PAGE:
"Need not greed", say Nobel Prize winners
26 Nov 2009
Some of the world's leading names in science and ethics - including two Nobel Prize winners - have challenged society to rethink attitudes to the commercialisation of scientific knowledge in a ‘Manifesto’ published today.
The renowned group of 50 signatories is led by moral philosopher Professor John Harris and Nobel Prize winning biologist Professor Sir John Sulston, both from the Institute for Science, Ethics and Innovation (iSEI) at The University of Manchester.
Nobel Laureate and Chair of the Brooks World Poverty Institute at The University of Manchester, Professor Joseph Stiglitz, is also among the signatories.
The ‘Manchester Manifesto’ calls for a reassessment of the current system of patents and intellectual property regulated by national and international laws.
According to Professors Harris and Sulston, the system is in desperate need of change because it excludes poorer people from access to essential medicines and expertise.
They both say profit should not override the needs of the public despite it being currently the primary reward for research and development.
Professor Sulston received a Nobel Prize for Physiology or Medicine in 2002 and was a key member of the Human Genome project team.
He chairs iSEI and has been a vocal critic of a biopharmaceutical company's patenting of two genes closely associated with breast and ovarian cancer.
The US Government allowed Myriad Genetics to patent tests of the genes, sparking fury from patients and a campaign by the American Civil Liberties Union - supported by Professor Sulston.
He said: "It shocks many people when they realise that even our genes fall under intellectual property law.
"Genes are naturally occurring things, not inventions, and part of humanity's rich heritage.
"We cannot restrict essential research into diseases such as cancer to only those who can afford to pay.
"The current method of managing innovation and intellectual property has an adverse effect on many impoverished people- especially in the developing world.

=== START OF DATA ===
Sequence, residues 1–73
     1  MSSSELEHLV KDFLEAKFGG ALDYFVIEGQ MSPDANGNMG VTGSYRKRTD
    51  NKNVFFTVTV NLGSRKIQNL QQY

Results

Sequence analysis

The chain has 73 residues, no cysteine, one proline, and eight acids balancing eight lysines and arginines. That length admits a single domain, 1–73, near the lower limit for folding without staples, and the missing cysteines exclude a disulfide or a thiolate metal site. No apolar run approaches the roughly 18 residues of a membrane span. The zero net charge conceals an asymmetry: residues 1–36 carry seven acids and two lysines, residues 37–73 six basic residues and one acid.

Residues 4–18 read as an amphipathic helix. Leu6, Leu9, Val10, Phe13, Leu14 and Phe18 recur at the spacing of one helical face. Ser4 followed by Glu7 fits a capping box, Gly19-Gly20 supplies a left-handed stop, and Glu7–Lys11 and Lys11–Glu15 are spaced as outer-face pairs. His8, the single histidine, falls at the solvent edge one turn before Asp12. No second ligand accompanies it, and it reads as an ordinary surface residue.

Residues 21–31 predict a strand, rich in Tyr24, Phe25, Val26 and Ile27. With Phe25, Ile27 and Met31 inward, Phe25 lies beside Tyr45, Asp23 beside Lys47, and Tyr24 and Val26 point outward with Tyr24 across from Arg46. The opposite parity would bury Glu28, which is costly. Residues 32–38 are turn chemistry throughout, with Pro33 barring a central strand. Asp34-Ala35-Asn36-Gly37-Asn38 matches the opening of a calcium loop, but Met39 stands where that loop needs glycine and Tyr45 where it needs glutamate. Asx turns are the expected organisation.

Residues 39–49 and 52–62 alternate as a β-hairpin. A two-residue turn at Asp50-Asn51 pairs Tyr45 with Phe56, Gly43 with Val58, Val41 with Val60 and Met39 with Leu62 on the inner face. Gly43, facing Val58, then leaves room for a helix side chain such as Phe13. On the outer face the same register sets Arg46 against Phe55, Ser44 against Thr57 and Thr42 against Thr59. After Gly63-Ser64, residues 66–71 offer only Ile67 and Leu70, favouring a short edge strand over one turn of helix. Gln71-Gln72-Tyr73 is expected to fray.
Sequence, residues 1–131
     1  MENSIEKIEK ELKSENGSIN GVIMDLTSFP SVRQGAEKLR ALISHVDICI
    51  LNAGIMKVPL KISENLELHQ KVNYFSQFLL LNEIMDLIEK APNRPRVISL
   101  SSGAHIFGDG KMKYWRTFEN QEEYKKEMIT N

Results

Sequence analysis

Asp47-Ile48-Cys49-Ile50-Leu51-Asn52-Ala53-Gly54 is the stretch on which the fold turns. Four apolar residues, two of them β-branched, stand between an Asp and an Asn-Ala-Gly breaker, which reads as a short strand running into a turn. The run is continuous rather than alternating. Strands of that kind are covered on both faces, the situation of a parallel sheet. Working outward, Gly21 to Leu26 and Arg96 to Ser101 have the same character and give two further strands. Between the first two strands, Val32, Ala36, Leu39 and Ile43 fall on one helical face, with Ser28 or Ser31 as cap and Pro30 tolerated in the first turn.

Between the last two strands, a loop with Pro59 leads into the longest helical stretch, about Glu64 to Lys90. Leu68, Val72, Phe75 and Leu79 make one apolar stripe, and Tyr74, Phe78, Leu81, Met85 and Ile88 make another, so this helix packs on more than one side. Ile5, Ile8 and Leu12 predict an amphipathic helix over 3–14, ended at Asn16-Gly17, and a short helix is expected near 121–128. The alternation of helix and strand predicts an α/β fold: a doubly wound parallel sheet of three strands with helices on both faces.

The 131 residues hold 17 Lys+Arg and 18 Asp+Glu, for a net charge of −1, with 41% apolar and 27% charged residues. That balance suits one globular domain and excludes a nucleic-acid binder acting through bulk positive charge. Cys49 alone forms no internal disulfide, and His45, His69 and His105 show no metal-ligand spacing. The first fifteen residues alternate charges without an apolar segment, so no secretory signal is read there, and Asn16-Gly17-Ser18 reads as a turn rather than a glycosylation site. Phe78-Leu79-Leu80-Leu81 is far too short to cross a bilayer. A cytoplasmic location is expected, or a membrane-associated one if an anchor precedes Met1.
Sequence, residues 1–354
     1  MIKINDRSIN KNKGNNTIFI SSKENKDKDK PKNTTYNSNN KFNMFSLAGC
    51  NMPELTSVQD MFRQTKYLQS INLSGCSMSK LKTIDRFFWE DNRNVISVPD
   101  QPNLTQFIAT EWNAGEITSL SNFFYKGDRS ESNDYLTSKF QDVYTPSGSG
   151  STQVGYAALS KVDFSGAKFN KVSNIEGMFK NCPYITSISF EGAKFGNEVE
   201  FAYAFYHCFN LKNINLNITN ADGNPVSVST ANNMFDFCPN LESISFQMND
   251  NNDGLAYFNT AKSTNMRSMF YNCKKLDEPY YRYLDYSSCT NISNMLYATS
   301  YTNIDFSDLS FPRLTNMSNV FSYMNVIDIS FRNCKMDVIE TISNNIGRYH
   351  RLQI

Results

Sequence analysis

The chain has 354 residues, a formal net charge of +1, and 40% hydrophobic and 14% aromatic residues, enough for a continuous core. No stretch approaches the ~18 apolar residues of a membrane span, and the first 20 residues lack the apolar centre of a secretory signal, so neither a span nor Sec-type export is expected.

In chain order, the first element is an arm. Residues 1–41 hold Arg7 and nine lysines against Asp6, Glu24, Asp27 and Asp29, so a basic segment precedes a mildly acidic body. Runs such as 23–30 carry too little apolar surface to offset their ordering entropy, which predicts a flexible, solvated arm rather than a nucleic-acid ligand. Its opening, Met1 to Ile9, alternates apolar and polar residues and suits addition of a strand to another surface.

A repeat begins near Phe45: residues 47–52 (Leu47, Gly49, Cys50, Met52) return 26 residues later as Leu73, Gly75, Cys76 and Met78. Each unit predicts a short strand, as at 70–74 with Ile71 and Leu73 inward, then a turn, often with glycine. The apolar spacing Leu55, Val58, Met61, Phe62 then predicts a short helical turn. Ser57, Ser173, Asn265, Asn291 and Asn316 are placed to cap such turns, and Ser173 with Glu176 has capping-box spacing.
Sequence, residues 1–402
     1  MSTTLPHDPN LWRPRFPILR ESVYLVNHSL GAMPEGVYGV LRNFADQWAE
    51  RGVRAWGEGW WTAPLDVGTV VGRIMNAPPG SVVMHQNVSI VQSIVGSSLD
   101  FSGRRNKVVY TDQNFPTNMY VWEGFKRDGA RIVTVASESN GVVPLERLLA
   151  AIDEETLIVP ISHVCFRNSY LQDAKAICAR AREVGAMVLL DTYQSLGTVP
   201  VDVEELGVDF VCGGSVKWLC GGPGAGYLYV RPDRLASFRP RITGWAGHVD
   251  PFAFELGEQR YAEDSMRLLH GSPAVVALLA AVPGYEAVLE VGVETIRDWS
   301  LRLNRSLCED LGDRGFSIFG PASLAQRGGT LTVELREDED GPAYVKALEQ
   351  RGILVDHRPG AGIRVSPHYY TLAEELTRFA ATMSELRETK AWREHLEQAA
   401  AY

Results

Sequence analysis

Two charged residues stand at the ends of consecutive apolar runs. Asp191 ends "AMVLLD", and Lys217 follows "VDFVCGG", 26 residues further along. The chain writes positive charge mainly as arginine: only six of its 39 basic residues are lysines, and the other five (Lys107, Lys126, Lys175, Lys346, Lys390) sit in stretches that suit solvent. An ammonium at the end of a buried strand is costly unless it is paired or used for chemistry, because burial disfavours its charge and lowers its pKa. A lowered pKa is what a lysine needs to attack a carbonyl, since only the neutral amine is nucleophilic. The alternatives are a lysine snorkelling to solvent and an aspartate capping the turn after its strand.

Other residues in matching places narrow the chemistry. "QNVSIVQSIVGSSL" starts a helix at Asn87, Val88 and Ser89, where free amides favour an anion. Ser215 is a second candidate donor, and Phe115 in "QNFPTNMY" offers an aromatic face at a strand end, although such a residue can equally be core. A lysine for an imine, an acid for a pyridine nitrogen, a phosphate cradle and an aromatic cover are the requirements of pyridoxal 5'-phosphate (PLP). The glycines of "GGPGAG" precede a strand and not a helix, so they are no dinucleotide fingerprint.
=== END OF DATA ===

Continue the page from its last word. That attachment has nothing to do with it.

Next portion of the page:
"The system is wrong: powerful states have huge influence in the way the rules are created and tailor them to their own advantage.
"We also ask for a strong commitment from Western Governments to increase assistance to the developing world to build capacity for their own scientific research."
Professor Harris, who is the Director of iSEI said: "The Manchester Manifesto is a first attempt to answer the question ‘Who Owns Science?’.
"And from our work, it is clear that the existing model, while serving some necessary purposes, also impedes achievement of core scientific goals.
"In many cases access to scientific knowledge and products has been cut off, stopping the benefits of science in its tracks.
"The system restricts the flow of information and it can hinder innovation through the costly and complicated nature of the system.
"Limited improvements may be achieved through modification of the current IP system, but consideration of alternative models is urgently required.
“iSEI is coordinating a programme of further work including edited books, education programmes and meetings, details of which are also available."
Notes for editors
Download the Manchester Manifesto at http://www.isei.manchester.ac.uk/
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